If you tell me that I’m a lazy good-for-nothing, I’ll hear you saying that I lack worth and value, and that you think I don’t work hard enough. If what you mean is that you wish you could keep the same sleep schedule as I do, that’s a really ineffective way to get your point across.
If you express amazement that I managed to tell a funny joke, and furthermore that you’re not surprised that it took hard work to do it, I’ll hear you saying that I’m not very good at comedy, and that when I am it’s either accidental or the result of significant labor. If what you mean is that my wit comes easily and often, and you appreciate my great sense of humor, that’s a really ineffective way to get your point across.
If you say to me, “SPAM?! No friend of mine would go near that filth! And you said you had good taste… As if…” I’ll get the message loud and clear that your friendship is a flimsy thing, predicated on sharing your opinions — and I’ll hear a hefty dose of judgmental attitude about my differing opinions. If what you mean is that you don’t share my opinions but you don’t have any problem with mine, even when you don’t understand them, that’s a really ineffective way to get your point across.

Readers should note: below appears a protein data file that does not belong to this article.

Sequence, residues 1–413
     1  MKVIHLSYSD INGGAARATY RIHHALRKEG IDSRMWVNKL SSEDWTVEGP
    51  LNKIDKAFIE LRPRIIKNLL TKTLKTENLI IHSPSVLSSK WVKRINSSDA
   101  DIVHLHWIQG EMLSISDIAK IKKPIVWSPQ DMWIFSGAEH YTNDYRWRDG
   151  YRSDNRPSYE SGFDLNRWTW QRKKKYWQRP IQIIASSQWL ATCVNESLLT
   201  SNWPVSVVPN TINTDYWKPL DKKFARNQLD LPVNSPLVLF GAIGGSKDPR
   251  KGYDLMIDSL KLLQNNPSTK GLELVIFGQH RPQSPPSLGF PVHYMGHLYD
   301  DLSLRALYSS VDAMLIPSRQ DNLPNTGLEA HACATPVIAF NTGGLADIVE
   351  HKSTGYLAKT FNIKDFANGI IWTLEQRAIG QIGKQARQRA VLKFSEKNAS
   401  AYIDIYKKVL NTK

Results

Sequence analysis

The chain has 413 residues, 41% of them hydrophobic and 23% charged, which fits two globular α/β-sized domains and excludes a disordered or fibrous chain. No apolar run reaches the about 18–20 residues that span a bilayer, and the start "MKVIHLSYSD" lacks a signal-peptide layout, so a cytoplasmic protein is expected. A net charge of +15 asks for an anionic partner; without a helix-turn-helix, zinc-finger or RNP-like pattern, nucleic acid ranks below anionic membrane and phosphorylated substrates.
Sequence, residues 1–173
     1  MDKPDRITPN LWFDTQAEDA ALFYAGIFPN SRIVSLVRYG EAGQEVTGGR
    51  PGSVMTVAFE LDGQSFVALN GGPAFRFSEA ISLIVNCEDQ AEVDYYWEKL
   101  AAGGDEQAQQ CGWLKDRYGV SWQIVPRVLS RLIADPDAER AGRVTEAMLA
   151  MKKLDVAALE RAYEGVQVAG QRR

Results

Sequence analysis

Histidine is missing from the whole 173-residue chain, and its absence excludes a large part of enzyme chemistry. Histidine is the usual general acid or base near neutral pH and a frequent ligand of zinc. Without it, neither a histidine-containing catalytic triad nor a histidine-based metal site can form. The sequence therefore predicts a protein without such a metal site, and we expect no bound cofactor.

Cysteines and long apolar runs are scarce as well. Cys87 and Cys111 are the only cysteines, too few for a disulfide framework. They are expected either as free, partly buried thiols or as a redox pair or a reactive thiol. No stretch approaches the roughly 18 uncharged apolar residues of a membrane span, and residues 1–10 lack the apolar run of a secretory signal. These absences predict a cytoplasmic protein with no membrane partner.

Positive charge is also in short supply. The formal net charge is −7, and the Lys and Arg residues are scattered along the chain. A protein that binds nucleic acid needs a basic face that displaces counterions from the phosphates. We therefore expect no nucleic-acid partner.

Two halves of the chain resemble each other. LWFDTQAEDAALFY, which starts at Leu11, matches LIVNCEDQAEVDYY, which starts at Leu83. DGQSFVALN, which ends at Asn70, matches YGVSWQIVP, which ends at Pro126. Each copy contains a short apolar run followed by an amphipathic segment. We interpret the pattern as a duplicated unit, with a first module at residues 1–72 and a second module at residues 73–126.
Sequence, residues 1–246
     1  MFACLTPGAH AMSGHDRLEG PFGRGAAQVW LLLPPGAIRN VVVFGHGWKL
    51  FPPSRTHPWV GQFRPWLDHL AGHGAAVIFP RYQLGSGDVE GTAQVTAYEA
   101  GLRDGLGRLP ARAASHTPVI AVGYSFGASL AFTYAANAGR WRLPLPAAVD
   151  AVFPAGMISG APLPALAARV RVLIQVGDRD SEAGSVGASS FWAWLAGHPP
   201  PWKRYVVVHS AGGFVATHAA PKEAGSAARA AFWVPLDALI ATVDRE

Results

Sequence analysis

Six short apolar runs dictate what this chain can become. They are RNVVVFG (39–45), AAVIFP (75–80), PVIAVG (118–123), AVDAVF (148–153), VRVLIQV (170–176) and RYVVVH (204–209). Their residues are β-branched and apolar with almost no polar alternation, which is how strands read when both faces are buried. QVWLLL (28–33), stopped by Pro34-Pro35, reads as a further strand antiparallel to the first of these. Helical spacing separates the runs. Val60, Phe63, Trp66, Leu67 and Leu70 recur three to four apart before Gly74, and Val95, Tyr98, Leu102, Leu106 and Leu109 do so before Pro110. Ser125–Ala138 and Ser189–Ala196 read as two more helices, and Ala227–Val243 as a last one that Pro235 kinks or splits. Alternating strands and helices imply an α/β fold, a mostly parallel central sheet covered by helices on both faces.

And if I react to what you say — instead of what you mean (but didn’t say) — then telling me that I need to “chill out,” to “stop being so emotional about it,” that you were “just teasing,” and that I should have known… or for good measure, maybe even throw in a bit of wondering statement about whether I’m “looking for things to get upset about,” are really ineffective ways to address the issue of being ineffective at getting your point across.
I don’t read minds. If you want to tell me something, tell me. Please, don’t assume that I can look past your hurtful words and somehow glean a compliment or an expression of affection from them — I’m about as likely to pick up a pile of dog shit to try to figure out where the $100 bill in the middle is!